Here in the United States, we’re lucky to have information available through EPA’s Toxics Release Inventory (TRI) Program. I work on TRI, and it’s important to note that, typically, “release” means disposal of toxic chemicals by facilities operating under permits designed to protect human health and the environment. Only a small portion of the TRI release total is due to spills or leaks.  My coworkers and I are proud to continue the community-right-to-know tradition by providing you with information about toxic chemical releases to air, water, and land on our website.

Every year, we publish a summary of what is going on at a national level, called the TRI National Analysis. This year, we’re making it easy to interpret TRI data at a local level, too: we’re providing analyses for all 891 metropolitan and micropolitan statistical areas across the United States. Each of these urban areas has its own high-level analysis that can tell you whether TRI chemical releases are increasing or decreasing over time, plus what chemicals and industries are involved. Would you like to know about the Denver area? What about Miami? How do they compare? Take a look! And, if you live in a rural area, type in your zip code or county information to find out what’s going on near you.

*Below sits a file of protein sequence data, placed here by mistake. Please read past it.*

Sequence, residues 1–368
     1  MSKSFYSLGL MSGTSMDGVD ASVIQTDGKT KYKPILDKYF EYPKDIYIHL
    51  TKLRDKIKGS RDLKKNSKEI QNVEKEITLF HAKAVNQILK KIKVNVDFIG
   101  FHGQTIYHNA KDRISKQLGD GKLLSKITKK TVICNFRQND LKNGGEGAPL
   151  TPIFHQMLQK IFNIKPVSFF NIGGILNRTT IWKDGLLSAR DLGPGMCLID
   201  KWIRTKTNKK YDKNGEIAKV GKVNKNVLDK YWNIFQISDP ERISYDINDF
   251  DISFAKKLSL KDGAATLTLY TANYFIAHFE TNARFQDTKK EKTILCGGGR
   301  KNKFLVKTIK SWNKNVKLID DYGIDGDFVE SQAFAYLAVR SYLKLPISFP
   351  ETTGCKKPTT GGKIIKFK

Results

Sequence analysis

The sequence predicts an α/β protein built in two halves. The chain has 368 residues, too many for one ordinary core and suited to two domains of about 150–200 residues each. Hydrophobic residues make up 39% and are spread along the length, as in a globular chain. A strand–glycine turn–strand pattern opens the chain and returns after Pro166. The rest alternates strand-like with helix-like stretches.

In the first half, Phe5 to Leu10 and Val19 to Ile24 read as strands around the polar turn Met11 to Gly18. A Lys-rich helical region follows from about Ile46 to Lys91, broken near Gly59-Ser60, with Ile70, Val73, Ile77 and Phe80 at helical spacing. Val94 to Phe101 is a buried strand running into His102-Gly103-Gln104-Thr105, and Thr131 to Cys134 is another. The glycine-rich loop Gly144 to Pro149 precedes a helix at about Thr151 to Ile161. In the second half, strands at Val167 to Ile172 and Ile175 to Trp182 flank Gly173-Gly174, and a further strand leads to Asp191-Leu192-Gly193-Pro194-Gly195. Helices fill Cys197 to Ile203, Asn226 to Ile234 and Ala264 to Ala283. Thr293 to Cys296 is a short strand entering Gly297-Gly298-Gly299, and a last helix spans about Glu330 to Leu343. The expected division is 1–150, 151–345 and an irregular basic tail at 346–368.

In its 27 years, TRI data has done a lot to empower citizens and communities. It’s been used to:

  • Roughly indicate facilities’ environmental performance over time.
  • Begin conversations with local facilities to encourage them to reduce releases, develop pollution prevention plans, and improve safety.
  • Set priorities and assign resources to the most pressing problems.

What will you do with the information you find?

I hope you check out the TRI National Analysis, and our new local analyses, to see what toxic chemicals are being disposed of or released in your neighborhood. After all, it’s your environment, and it’s your right to know.

About the author: Kara Koehrn joined EPA’s Office of Environment Information in Washington, D.C. in 2009 and is the project leader for the Toxics Release Inventory (TRI) National Analysis. She sold her car two years ago to take full advantage of public transportation in D.C. and doesn’t even miss it.

Editor's Note: The opinions expressed here are those of the author. They do not reflect EPA policy, endorsement, or action, and EPA does not verify the accuracy or science of the contents of the blog.